Have you ever tried to recall something that was obvious or take a little too long to process information? You might call it a senior moment, but researchers have reached a preliminary conclusion that there might be more at work. As the New York Times summarized, maybe “It’s not that you’re slow. It’s that you know so much.”
The Turtle and the Hair
The study concluded that maybe a portion of our slowing brain performance as we age isn’t actually slowing. Instead, these scientists believe there is a good chance that some of the slowing down is actually people sifting through their knowledge banks which appears to slow their fluid performance. It’s a reassuring thought. Many of us would willingly trade speedy decision making for better decision making.
Things that Improve with Age
The theory isn’t outlandish. There are many instances of things that do improve with age such as utilizing more brain power, improving social skills, harnessing optimism and even more consistent brain performance and emotions. But, that doesn’t mean everything becomes easier. The hardest part of aging with grace is maintaining our youthful habits.
“It’s not as easy as it use to be”
Most of our developing life is about learning to live independently, but aging is more about embracing interdependency. We all need people. We need them for emotional support, for socialization such as playing games and for enjoying the holidays. As we age, we also need them for physical support. We’ve discussed novel ways to maintain memory as we age before and most of them require other people. When things aren’t as easy as they were before, it helps to have other people around for direction and encouragement.
If you are growing smarter, or you know someone else who is, then they should also know that there are people everywhere to help keep them smart. All you have to do is get out of the house to visit the nearest Denver Senior Center. If that is a challenge, get in touch with us regarding companionship services. Our caregivers provide the support you need to stay active and smart as you age. We engage our clients in activities they enjoy!
For a culture obsessed with youth, people sometimes forget that aging actually provides some benefits. Elderly individuals may not be able to do a 40 yard dash like when they were young, but there are many things they can do better that are far more important in day-to-day life.
Higher Brain Utilization
As we age, we use a larger portion of our brain even though we might assume that older people would slowly use less. Brain scans show that while young people often use only one side for a specific task, middle-aged and older adults are more likely to activate both hemispheres at once—a pattern known as bilateralization. Bilateralization and learned strategies for dealing with problems also creates the following benefits. Older people are better at making financial decisions and have…
More Consistent Brain Performance and Emotions
Taking a test once a day over a hundred days isn’t easy, but when young people do it, their scores tend to fluctuate more than in older individuals. The older adults’ greater consistency “is due to learned strategies to solve the task, a constantly high motivation level, as well as a balanced daily routine and stable mood.” This helps to explain why “Older employees’ productivity and reliability is higher than that of their younger colleagues.”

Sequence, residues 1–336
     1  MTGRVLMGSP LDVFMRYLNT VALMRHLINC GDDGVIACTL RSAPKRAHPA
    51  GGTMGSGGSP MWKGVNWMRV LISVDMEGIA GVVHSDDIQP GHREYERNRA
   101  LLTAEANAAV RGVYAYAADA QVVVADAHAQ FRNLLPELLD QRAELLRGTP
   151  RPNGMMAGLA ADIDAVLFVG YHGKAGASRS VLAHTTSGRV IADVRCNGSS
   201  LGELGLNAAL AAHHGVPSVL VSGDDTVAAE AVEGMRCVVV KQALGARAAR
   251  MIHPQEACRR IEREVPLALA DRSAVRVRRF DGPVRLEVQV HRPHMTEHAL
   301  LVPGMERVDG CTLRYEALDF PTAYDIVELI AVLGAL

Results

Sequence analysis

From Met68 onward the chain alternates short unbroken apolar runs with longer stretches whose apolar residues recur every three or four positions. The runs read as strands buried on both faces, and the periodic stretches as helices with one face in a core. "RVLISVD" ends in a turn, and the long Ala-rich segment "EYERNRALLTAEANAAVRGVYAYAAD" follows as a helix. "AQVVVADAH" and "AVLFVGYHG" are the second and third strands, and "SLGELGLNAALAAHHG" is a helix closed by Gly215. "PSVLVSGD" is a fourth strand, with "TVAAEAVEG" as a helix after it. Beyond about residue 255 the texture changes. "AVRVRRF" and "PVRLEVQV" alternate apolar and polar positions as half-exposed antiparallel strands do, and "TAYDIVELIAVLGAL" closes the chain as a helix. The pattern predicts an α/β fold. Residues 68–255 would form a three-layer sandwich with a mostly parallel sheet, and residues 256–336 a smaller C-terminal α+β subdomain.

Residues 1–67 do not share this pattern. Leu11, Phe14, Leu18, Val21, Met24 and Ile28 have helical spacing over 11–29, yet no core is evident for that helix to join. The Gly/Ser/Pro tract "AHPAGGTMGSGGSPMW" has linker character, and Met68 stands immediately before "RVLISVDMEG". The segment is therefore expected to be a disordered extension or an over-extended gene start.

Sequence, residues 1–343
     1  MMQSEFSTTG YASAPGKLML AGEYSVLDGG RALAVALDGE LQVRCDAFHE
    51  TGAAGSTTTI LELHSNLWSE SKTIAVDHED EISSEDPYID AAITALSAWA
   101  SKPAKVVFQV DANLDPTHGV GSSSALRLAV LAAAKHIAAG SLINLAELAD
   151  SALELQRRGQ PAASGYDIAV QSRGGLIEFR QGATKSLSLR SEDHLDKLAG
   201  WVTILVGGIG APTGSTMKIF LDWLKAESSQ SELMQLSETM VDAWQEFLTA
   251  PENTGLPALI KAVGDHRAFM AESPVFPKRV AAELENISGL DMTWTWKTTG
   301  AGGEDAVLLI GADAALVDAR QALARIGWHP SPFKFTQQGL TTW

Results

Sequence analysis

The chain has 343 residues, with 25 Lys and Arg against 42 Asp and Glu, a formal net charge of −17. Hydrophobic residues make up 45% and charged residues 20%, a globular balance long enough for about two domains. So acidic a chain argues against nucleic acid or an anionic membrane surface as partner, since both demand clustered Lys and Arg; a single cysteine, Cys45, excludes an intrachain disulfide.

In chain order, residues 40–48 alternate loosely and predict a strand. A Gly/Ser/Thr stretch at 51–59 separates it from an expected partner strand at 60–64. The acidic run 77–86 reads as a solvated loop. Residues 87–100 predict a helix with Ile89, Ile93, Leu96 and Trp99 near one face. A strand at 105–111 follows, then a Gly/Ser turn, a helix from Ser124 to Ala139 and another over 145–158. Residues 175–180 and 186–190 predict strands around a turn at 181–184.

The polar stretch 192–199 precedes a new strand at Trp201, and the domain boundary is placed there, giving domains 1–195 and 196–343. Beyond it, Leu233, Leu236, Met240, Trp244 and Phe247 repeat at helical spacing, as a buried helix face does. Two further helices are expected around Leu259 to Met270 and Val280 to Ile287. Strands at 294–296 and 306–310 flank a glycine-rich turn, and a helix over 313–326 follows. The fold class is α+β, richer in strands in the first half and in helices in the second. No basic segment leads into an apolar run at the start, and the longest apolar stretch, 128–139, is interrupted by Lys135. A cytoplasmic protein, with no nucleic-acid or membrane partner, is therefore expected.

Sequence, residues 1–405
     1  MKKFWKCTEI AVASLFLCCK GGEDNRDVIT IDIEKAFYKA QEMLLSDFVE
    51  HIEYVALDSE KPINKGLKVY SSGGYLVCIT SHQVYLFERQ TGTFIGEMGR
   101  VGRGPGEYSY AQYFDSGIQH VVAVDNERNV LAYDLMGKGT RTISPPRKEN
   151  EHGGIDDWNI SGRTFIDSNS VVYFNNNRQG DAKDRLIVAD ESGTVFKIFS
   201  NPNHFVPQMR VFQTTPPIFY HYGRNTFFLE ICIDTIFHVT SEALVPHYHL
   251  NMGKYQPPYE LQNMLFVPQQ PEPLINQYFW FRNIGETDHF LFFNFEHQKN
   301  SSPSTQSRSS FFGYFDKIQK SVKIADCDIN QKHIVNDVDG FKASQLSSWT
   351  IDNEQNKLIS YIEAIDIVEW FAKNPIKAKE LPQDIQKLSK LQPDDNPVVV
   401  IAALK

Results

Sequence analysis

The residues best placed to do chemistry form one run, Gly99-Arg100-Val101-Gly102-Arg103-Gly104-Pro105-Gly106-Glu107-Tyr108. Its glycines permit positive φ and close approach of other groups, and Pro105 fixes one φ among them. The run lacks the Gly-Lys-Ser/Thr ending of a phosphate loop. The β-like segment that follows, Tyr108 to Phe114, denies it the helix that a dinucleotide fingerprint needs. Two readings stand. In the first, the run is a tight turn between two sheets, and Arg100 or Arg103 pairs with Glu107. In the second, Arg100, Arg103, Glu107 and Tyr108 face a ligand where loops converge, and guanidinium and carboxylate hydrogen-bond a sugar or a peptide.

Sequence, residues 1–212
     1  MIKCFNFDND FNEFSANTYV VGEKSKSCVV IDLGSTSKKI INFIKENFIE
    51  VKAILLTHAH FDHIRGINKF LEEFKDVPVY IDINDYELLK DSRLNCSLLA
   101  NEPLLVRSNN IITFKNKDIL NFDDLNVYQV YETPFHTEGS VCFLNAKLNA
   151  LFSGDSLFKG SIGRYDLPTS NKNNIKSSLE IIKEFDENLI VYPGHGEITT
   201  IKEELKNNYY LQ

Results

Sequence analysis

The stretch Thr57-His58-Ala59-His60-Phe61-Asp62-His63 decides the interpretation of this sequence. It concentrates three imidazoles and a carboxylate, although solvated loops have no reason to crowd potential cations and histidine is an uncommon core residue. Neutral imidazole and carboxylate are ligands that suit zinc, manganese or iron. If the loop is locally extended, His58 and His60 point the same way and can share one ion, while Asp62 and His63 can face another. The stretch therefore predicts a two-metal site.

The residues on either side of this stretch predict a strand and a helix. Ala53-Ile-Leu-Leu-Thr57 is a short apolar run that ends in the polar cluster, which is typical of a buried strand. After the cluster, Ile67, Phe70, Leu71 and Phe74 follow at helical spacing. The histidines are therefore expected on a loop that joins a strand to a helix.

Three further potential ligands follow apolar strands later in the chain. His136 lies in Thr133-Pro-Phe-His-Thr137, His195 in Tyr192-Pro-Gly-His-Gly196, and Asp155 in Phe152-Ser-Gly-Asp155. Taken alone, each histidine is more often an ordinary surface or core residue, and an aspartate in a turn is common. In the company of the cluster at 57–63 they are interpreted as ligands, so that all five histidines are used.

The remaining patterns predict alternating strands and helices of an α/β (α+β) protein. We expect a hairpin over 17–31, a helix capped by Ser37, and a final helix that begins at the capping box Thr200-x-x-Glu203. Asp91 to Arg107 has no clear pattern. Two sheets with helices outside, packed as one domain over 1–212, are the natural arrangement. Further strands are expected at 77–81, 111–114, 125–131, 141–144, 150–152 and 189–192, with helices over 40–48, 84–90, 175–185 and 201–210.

These strategies do more than help with productivity. Older adults also maintain more consistent emotions. A study published in 2009 concluded that older adults (between ages 61 and 81) had more clarity about their feelings, made better use of strategies to regulate their emotions, and had a higher degree of control over their emotional impulses. This also leads to…
Improved Social Skills
After years of dealing with people, mature adults learn who they are and how other people work. A study published in the Journal of Gerontology demonstrated that when older and younger adults were presented with hypothetical everyday problems, the older adults solve interpersonal dilemmas by choosing paths that often skirt direct conflict. If they get in an argument, its a calculated move.
Slowing down a little bit helps us get a better view of things, like rose colored glasses. Laura Carstensen, a professor of psychology at Stanford University and director of the Stanford Center on Longevity, asked a group of subjects ages 18 to 94 to record their emotional states at five randomly chosen times each day for a one-week period. She repeated the procedure with the same participants five years later, and then again five years after that. With the passage of time, the study subjects reported more positive well-being and greater emotional stability.
Neurons grow throughout our entire lives. Using our brain keeps it healthy. Our caregivers encourage brain health through a wide range of activities. Games like Scrabble help too. We can learn new words as we age which gives us an advantage in Scrabble and also gives us more ways to express ourselves.